We find it important to determine the individual’s values, particularly when we talk to them about aspirations. This raises the question of what we mean by values. Often times an individual will attach high value to counterproductive activities such as drinking or using drugs. They might attach high value to beliefs such as “you need to get even with someone who offends you”. Finally, a high value may be attached to the remaining inert since it prevents being rejected or failing. Thus, we can translate the current concept into a hierarchy of beliefs. Some of the beliefs may be noble and others aren’t productive or destructive. Those that are noble are considered values, whereas the rest are considered dysfunctional beliefs. What we need to do is to facilitate the individuals attaching greater value to beliefs or activates that are in line with their aspirations and goals and diminish the value attached to the counterproductive activities and beliefs.
I would welcome suggestions as to how to accomplish this. One way is to outline the advantages and disadvantages of a particular belief or activity. Usually, for a positive value, the advantages will top the disadvantages. Another application of the concept of values is the use of a Pie chart. Initially, the individual fills out the chart according to how much time they spend in each activity. The clinician then can go over each item and collaboratively attach a value to the items. Hopefully, the new advantageous values will outweigh the disadvantaged values and the individual will invest their capital in the “good values” as opposed to the “bad values”.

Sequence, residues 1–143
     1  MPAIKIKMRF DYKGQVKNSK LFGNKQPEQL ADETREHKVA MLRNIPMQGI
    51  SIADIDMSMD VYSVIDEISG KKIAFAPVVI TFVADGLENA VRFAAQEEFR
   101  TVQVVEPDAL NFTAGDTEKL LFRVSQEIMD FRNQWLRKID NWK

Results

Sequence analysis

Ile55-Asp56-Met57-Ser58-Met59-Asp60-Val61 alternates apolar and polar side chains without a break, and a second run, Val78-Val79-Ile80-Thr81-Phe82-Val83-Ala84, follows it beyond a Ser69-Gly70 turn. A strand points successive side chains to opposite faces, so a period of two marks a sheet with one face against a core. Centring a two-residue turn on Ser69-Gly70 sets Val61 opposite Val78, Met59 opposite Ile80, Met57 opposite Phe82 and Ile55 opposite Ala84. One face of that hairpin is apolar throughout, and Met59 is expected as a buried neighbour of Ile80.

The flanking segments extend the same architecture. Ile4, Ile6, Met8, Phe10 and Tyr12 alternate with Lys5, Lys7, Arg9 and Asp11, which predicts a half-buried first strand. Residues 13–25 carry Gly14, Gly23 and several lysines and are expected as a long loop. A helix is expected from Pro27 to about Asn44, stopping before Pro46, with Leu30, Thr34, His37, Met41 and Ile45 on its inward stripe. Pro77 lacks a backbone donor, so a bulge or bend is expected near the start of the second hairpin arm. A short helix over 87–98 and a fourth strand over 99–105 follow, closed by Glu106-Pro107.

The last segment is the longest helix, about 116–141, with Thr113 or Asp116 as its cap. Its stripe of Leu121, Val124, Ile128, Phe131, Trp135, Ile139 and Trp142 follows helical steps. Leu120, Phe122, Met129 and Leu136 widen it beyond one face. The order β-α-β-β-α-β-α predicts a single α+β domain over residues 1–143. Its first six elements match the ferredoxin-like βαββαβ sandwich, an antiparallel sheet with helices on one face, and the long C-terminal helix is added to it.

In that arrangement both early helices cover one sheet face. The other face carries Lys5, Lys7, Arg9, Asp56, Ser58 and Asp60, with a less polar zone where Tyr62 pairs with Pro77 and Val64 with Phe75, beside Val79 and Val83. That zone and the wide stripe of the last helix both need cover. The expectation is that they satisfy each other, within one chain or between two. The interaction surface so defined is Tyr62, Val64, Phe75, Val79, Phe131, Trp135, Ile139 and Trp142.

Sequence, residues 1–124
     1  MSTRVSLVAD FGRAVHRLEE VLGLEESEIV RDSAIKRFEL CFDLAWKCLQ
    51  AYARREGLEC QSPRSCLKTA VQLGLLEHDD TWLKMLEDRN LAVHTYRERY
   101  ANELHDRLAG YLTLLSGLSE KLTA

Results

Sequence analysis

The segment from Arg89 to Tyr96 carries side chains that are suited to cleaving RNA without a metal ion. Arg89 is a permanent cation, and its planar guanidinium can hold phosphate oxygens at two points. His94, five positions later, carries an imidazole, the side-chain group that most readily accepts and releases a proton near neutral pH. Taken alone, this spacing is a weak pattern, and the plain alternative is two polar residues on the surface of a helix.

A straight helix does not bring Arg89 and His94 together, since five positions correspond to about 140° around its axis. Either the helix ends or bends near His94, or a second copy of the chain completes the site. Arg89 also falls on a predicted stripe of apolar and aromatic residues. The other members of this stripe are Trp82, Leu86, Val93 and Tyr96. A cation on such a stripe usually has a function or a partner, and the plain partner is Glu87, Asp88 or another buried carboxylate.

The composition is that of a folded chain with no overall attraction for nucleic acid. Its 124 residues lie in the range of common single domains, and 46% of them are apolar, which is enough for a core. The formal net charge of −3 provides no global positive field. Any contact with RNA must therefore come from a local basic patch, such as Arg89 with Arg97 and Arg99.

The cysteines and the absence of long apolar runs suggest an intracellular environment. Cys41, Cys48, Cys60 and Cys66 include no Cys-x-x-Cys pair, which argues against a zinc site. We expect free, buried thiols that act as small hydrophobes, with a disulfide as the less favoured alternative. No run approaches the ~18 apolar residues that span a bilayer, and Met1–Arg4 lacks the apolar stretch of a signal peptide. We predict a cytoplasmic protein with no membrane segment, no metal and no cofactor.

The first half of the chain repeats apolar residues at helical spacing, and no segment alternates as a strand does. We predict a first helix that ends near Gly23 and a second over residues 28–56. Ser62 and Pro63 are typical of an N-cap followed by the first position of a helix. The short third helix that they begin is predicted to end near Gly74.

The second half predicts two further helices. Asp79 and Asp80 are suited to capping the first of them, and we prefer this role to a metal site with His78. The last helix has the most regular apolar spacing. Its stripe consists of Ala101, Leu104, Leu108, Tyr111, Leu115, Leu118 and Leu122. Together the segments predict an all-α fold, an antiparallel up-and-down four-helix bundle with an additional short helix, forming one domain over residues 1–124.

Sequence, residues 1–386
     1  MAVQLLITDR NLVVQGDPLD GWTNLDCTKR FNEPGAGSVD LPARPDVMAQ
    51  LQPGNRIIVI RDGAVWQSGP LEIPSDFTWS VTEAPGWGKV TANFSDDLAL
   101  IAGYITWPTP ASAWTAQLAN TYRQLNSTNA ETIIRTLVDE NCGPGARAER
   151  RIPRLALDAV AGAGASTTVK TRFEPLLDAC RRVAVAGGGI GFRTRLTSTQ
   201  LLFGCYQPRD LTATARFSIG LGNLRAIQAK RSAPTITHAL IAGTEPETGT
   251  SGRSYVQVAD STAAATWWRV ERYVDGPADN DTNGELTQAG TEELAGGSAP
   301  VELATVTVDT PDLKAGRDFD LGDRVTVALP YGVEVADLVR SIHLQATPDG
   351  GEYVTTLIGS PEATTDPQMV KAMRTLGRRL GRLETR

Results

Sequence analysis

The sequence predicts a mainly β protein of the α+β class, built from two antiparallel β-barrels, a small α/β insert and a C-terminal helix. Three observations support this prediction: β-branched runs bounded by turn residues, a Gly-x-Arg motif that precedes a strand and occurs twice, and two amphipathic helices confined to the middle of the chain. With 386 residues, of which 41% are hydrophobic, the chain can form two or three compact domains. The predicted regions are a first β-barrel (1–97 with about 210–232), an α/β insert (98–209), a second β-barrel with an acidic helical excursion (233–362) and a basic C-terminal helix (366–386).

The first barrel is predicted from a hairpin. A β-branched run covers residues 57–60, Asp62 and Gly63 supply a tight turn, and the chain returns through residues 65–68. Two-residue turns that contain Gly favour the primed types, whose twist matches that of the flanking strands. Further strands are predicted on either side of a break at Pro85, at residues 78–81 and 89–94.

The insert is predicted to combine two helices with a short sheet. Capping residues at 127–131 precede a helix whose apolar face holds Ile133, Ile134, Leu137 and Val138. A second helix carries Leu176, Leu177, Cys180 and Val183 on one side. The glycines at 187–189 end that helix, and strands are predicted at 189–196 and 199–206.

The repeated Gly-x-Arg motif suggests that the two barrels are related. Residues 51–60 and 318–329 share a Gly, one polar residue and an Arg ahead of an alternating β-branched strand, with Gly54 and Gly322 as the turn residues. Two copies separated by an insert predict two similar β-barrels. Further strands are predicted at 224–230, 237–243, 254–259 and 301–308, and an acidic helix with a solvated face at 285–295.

This approach has been used successfully with substance abuse, preoccupation with pain, and schizophrenia.
Please send me your suggestions about increasing the investment in positive values and decreasing the investment in negative values.